The Magic Fluke (1949)
Article 5923 by Dave Sindelar
Directed by John Hubley
Featuring the voice of John T. Smith
What it is: UPA in action
A two-animal music combo is broken up when the conductor hits the big time with a classical orchestra. Nonetheless, the other member remains faithful to his old partner, and when the latter is without a baton for his next gig, the former steals a magician’s wand for him to use.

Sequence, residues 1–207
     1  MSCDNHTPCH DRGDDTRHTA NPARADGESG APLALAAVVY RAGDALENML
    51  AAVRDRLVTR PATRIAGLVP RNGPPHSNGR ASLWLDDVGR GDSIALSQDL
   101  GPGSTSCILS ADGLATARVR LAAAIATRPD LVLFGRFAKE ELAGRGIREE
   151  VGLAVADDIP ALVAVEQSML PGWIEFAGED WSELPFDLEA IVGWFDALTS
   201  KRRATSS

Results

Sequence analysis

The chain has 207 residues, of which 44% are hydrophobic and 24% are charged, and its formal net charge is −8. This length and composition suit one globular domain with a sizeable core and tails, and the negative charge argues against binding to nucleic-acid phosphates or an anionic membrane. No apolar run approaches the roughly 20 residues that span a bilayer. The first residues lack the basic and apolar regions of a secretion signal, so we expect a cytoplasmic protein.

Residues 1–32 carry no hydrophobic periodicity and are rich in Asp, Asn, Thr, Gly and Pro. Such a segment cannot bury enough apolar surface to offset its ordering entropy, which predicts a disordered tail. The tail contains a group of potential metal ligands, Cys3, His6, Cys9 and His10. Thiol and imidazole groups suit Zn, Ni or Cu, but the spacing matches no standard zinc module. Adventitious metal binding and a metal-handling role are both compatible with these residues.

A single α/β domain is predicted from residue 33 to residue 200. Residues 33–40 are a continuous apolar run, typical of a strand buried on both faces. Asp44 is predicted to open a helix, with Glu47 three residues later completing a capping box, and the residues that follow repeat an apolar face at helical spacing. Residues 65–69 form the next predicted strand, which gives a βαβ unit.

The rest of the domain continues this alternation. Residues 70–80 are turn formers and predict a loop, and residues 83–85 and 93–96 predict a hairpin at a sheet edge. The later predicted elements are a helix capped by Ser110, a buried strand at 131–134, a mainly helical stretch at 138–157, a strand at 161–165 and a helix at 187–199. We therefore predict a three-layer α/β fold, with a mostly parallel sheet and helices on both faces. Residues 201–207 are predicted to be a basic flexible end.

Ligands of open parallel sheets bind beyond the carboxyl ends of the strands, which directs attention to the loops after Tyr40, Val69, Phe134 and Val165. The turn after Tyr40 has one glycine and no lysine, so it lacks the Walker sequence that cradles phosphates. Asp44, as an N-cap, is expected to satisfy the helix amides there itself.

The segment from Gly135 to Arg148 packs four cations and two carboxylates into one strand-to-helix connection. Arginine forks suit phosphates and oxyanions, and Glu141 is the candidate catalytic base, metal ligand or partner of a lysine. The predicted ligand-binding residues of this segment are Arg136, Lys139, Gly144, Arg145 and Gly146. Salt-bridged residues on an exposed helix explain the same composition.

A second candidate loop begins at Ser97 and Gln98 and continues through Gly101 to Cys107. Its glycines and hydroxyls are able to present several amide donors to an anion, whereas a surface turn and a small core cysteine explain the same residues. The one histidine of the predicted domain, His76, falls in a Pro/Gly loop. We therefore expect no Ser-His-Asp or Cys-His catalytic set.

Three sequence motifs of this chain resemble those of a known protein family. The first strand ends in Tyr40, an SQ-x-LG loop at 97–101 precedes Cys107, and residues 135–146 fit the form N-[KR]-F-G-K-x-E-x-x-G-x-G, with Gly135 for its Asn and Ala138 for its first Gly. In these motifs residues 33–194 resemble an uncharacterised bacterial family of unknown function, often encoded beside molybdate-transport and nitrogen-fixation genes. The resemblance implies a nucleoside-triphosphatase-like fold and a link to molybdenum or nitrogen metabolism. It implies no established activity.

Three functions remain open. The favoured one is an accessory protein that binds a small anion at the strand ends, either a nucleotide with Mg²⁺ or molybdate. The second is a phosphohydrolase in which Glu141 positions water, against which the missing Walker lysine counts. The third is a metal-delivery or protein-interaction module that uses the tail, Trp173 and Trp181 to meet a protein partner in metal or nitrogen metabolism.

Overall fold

For me, the most eye-opening moment of this cartoon came to me when I went to the listing at IMDB and was reminded that “Fox and Crow” was a cartoon series at Columbia before UPA came on the scene. Despite the fact that I’d seen several of those cartoons, it never occurred to me that this one was a part of that series; it certainly didn’t advertise itself as such. This discovery more than anything else brings home to me just how revolutionary UPA was in its style; they took characters from an existing series and redid them so vastly that it was hardly recognizable. The story itself is pretty conventional cartoon fodder, but the style, mood and execution are light years away. No, this isn’t UPA’s finest moment, but it is the one where the contrast between the old and the new styles is most clearly demonstrated.